Tuesday, 27 May 2014 8:07am
Professor Colin Townsend (right) receives the 2014 Award of Excellence of the Society for Freshwater Science from Society President Dr Randall Fuller in Portland, Oregon, earlier this month.
New Zealand's rivers are a taonga (treasured thing) and we need to work collaboratively to ensure that they are sustained and improved for the sake of future generations.
So says Professor Colin Townsend of Zoology, who has this month received the 2014 Award of Excellence of the Society for Freshwater Science, the leading international body with a focus on stream ecology.
Professor Townsend received the award this month at the Society’s conference in Portland, Oregon, where he also gave the plenary address.
The award recognises his research contribution to freshwater science, especially the ecology of streams and rivers and also his role as editor-in-chief of the leading international freshwater journal Freshwater Biology.
“I was surprised and delighted when I learned of the award because the Society for Freshwater Science has been so central to my career, and those deciding the award are the colleagues I respect the most.”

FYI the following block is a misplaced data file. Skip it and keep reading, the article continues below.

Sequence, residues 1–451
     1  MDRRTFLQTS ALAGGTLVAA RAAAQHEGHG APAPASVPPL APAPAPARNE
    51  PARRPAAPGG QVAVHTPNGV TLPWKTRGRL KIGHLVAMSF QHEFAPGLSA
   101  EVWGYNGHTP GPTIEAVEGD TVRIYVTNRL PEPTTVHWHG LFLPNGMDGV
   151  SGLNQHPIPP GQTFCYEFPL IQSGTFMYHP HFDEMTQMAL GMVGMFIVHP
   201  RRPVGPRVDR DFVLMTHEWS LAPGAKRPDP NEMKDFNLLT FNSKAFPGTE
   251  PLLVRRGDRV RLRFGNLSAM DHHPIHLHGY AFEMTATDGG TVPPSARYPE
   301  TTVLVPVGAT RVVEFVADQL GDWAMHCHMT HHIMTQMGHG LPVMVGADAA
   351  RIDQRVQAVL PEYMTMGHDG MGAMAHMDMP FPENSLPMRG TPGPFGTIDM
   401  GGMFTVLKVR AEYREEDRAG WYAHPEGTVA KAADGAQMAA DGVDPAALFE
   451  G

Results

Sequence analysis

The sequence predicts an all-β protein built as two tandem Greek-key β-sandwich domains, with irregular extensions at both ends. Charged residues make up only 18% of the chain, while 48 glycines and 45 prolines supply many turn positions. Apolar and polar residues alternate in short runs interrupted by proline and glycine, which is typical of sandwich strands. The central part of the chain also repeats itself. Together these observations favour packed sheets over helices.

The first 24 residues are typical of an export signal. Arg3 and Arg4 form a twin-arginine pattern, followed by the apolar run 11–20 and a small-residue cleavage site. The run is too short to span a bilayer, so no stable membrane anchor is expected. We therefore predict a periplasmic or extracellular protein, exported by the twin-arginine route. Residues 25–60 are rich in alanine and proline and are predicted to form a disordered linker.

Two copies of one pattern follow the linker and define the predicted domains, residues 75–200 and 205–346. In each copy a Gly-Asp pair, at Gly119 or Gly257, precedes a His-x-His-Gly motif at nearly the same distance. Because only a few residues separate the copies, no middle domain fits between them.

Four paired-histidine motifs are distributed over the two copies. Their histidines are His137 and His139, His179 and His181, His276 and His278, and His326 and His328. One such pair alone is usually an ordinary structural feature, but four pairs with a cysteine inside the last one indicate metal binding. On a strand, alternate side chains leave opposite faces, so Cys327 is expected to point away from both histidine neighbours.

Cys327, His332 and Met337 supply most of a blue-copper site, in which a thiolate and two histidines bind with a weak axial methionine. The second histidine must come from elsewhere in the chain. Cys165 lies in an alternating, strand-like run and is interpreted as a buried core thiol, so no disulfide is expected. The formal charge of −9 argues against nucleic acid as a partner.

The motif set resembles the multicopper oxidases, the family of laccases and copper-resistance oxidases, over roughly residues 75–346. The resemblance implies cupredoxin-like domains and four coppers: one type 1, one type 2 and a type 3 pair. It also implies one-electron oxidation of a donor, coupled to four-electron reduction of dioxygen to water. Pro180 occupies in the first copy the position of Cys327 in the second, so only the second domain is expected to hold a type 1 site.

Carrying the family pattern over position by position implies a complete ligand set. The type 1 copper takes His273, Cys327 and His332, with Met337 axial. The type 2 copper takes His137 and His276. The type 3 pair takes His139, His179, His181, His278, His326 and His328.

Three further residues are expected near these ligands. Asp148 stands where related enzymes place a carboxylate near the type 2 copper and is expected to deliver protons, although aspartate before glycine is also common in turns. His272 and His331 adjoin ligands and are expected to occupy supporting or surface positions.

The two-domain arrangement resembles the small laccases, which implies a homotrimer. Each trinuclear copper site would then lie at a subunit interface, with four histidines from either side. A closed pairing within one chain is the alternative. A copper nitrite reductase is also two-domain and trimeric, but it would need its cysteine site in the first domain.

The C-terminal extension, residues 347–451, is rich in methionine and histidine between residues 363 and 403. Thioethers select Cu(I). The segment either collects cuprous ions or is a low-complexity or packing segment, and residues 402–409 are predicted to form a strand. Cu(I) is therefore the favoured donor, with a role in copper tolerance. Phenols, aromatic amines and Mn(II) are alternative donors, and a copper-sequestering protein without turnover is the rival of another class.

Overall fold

Professor Townsend says agriculture is key to New Zealand’s economy but recent intensification, particularly for dairy farming, has put our rivers under intense pressure.
“We need to act now to improve and sustain the health of our rivers and to ensure that farming best practices are widely adopted.”
Professor Townsend joined the University of Otago in 1989. He has published more than 200 peer-reviewed journal articles and book chapters exploring how flow-related disturbance, invasive species and multiple agriculture stressors affect stream ecosystems.
He has also co-authored or sole-authored three successful ecology text books, adopted by universities around the world and translated into nine languages.
For more than 30 years he has been co-editor in chief of the international journal Freshwater Biology.
He is a Fellow of the Cawthron Institute and Fellow of the Royal Society of New Zealand. In 2007 he received an Exceptional Lifetime Achievement Award from the British Ecological Society.